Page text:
Laura needed someone to talk to, so she wrote Organon. She didn’t know what she’d created. She still doesn’t know what it’s capable of. But Organon will change the world… for better or for worse.
I signed up to Annemieke’s fantasy and sci-fi reading challenge, because I couldn’t resist a spot of book bingo to help me pick my next read. If you’ve been tempted to dig deeper into genre reads but didn’t know where to start, this might be the challenge for you!
The last war ended in an atrocity. The Trouble Dog resigned her post afterwards, seeking redemption in salvage. Now she’s the closest craft to a civilian distress call, summoned to the carven worlds of the Gallery with a mess of former enemies aboard. Has anybody put the war behind them?
Nell Crane is the girl with the clockwork heart, daughter of two revolutionary thinkers whose contributions have improved the lives of everyone in Black Water City. Great things are expected of her, but she’s running out of time to make a contribution that will keep her free of a life of manual labour. When inspiration finally strikes, her idea is so bold it may destroy her ties to everyone she loves…
SecUnits are standard issue, one per ten humans on a corporate deal that you can’t opt out of if you wish to survey a new world. They’re not well equipped and they’re not very clever, but they’ll rip themselves apart to protect their clients.
Well, most of the time.
Climate change has herded humanity into Hives, the 99% pacified by a diet of mass media while the super-rich look out for themselves. Orphan Kir is part of a project – the Needle – trying to make mass migration into space feasible. But her on-board AI has uncovered secrets it wants to share with her – if it can find a way around the code that controls it.
It’s the final week of the @SFFreadalong of A Closed and Common Orbit by Becky Chambers, so ‘ware major spoilers for the finale! This week we’re hosted by Mogsy from The Bibliosanctum as we reach a new crisis point that will test Sidra and Pepper’s loyalties and their commitment. Will it be a happy ending?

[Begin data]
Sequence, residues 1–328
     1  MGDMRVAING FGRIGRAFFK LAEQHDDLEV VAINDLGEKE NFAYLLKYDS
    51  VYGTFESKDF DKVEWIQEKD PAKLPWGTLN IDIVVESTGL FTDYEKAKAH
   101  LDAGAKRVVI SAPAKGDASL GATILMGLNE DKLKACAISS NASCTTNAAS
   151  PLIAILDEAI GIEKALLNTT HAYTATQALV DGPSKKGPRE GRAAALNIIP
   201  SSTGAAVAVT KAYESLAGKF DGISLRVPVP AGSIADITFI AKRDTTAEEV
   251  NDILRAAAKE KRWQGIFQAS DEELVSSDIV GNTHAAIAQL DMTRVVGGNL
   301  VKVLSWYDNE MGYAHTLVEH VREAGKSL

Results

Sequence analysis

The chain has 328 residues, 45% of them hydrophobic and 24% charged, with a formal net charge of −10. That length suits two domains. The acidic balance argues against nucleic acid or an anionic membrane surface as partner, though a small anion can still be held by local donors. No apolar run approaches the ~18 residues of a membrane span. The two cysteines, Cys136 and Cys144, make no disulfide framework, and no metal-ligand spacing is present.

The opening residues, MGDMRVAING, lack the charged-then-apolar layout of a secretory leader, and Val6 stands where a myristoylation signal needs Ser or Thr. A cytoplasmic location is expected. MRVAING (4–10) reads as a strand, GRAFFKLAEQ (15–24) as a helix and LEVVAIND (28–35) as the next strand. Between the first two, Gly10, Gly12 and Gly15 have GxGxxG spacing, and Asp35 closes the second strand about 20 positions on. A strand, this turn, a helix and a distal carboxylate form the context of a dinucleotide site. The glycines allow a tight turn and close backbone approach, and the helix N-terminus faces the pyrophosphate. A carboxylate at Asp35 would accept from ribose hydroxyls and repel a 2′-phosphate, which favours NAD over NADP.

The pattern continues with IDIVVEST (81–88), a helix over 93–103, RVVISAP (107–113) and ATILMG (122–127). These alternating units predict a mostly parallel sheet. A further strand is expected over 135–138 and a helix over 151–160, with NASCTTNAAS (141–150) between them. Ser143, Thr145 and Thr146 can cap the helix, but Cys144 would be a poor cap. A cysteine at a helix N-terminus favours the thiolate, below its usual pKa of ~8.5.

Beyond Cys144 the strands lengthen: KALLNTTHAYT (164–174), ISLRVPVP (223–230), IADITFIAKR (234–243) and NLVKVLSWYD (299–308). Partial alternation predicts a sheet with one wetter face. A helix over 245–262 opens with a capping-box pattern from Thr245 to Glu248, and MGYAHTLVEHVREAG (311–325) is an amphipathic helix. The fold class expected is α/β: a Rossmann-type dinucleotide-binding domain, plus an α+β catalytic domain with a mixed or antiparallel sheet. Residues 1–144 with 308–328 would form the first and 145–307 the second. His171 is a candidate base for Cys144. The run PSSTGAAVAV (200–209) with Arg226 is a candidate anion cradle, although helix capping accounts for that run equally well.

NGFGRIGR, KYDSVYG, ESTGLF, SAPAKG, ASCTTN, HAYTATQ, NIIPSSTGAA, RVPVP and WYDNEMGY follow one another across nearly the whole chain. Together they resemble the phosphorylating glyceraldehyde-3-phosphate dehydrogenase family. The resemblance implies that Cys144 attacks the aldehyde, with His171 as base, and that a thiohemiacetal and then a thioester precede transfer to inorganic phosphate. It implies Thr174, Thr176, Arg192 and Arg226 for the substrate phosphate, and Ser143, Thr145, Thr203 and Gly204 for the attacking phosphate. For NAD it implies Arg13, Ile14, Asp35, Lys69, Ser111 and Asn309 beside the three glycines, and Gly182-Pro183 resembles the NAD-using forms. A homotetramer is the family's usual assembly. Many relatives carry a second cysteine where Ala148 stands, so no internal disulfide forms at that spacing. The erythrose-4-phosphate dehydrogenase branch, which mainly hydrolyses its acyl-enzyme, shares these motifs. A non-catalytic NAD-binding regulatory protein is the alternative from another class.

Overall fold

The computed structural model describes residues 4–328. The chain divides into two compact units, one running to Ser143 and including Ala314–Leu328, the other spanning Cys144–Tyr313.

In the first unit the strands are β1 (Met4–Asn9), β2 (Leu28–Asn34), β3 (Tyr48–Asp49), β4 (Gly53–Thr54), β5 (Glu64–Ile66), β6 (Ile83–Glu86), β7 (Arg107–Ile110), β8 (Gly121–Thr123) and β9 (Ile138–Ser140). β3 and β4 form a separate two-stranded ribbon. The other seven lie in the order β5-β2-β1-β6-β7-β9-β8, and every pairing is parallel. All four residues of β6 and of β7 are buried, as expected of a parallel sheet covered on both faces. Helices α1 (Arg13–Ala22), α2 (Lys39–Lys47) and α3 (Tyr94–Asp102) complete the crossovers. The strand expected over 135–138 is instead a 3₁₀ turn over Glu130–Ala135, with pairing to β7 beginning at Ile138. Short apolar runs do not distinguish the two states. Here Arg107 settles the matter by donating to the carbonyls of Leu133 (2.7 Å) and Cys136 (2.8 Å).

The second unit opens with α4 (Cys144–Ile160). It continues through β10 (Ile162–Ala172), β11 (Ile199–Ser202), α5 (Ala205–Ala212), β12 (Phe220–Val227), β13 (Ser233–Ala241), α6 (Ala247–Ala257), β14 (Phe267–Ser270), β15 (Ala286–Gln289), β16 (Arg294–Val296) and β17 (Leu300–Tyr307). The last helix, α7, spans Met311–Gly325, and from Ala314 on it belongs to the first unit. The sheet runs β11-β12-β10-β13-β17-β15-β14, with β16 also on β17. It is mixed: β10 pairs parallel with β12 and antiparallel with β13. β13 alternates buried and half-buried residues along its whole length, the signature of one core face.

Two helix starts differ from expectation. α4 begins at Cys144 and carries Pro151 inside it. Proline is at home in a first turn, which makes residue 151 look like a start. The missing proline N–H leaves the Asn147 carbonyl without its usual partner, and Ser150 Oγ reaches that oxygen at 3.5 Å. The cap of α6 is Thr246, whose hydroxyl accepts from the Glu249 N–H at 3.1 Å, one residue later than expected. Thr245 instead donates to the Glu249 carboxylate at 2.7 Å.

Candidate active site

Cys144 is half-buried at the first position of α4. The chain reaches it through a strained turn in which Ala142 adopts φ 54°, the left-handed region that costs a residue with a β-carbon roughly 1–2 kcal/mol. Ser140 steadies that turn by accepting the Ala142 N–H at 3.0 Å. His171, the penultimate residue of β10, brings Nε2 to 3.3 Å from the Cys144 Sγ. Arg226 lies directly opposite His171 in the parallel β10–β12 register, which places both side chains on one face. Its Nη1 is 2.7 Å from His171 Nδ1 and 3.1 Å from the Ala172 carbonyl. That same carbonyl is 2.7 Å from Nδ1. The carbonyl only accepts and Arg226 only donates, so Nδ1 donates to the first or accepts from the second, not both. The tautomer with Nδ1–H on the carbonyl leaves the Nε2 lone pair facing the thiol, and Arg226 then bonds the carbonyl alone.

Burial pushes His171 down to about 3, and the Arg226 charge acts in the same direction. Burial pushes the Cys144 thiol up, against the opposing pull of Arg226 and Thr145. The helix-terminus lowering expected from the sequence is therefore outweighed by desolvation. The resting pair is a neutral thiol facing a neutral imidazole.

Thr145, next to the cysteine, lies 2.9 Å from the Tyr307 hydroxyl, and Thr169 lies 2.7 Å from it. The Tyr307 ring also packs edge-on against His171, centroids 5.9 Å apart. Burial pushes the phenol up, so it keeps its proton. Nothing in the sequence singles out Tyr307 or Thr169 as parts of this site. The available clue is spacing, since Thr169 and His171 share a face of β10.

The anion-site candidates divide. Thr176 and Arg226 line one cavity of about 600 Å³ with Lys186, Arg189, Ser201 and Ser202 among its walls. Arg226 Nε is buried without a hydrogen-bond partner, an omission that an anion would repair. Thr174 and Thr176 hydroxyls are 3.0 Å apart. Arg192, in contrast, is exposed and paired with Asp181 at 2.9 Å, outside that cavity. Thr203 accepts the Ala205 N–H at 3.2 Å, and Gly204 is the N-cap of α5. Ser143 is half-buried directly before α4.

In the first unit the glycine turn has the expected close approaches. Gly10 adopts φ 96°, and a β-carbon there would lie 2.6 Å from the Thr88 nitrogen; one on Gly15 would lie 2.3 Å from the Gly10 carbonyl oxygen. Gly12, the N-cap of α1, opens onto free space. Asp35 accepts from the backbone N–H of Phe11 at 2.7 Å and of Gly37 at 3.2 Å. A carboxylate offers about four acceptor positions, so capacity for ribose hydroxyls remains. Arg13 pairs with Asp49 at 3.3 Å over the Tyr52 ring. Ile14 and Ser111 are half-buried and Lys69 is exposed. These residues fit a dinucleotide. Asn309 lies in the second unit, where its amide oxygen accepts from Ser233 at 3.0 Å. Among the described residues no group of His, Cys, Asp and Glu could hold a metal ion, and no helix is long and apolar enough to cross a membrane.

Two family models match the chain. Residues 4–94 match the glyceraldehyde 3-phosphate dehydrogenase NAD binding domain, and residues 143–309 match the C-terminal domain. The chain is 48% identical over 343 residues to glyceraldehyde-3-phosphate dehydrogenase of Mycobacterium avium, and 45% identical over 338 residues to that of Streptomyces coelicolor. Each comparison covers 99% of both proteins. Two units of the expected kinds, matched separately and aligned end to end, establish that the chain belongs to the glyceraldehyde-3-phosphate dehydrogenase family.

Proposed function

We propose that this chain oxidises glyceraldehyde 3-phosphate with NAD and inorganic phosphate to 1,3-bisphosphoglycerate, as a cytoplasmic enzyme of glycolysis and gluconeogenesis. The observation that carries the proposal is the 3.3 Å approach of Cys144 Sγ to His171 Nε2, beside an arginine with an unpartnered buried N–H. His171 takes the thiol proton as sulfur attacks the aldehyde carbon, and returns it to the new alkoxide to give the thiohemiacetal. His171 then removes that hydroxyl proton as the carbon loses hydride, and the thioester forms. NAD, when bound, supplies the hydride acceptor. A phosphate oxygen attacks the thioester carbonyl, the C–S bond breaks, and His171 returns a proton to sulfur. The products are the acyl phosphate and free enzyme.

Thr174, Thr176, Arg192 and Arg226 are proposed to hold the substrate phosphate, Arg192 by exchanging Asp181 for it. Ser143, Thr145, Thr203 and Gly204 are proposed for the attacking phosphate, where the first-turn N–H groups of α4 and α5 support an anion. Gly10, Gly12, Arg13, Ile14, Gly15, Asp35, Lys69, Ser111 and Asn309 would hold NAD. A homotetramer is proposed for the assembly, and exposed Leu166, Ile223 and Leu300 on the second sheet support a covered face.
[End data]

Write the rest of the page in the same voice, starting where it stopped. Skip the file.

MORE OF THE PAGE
Welcome to the second week of the @SFFReadalong of A Closed and Common Orbit. This week, we find Sidra struggling to adapt to her new existence as she searches for a way to come to terms with the kit. In the past, Jane must face her fears if she is to survive in the shuttle.
It’s time to dive back into deep space with the read-along for A Closed and Common Orbit, the much-anticipated sequel to last year’s break-out debut The Long Way to a Small Angry Planet. This week we’re hosted by Lisa from Over the Effing Rainbow – we’ll be reading through December so if you’re interested in participating, hop on over to the SF/F Read-Along group to join the discussion.
JB6847½ is a frankenship, cobbled together from the wreckage of two salvaged craft. Traumatised by memories of past deaths, only its love for its pilot drives it back into the vacuum of space to take on the Earth Force. But in the final days of a hopeless war, who knows what it may yet become.
Artificial Intelligence: self-aware, keeping a low profile, keen to help. Curious about morality. Fond of cat pictures.
Humanity: self-deluding; expert in denial; afraid of change; hard to help. Fond of cat pictures.
Maybe we can find some common ground.
Blindsight: the ability of the cortically blind to respond to stimuli they cannot (consciously) ‘see’.
Also: a Hugo-nominated hard SF novel by Peter Watts, which asks us what makes us human and whether – in the face of demonstrably more viable alternatives – it’s all it’s cracked up to be.
Cat Valente has a gift for myth. She is inspired by it, she works with it, she weaves into new and strange configurations and leaves the reader to work out where they’ve got to and how they feel about it.
I’m afraid I didn’t enjoy this anywhere near as much as The Lady Astronaut of Mars. There are good ingredients in this Hugo-winning short story (and it is short), but it didn’t pack the emotional resonance of Lady Astronaut.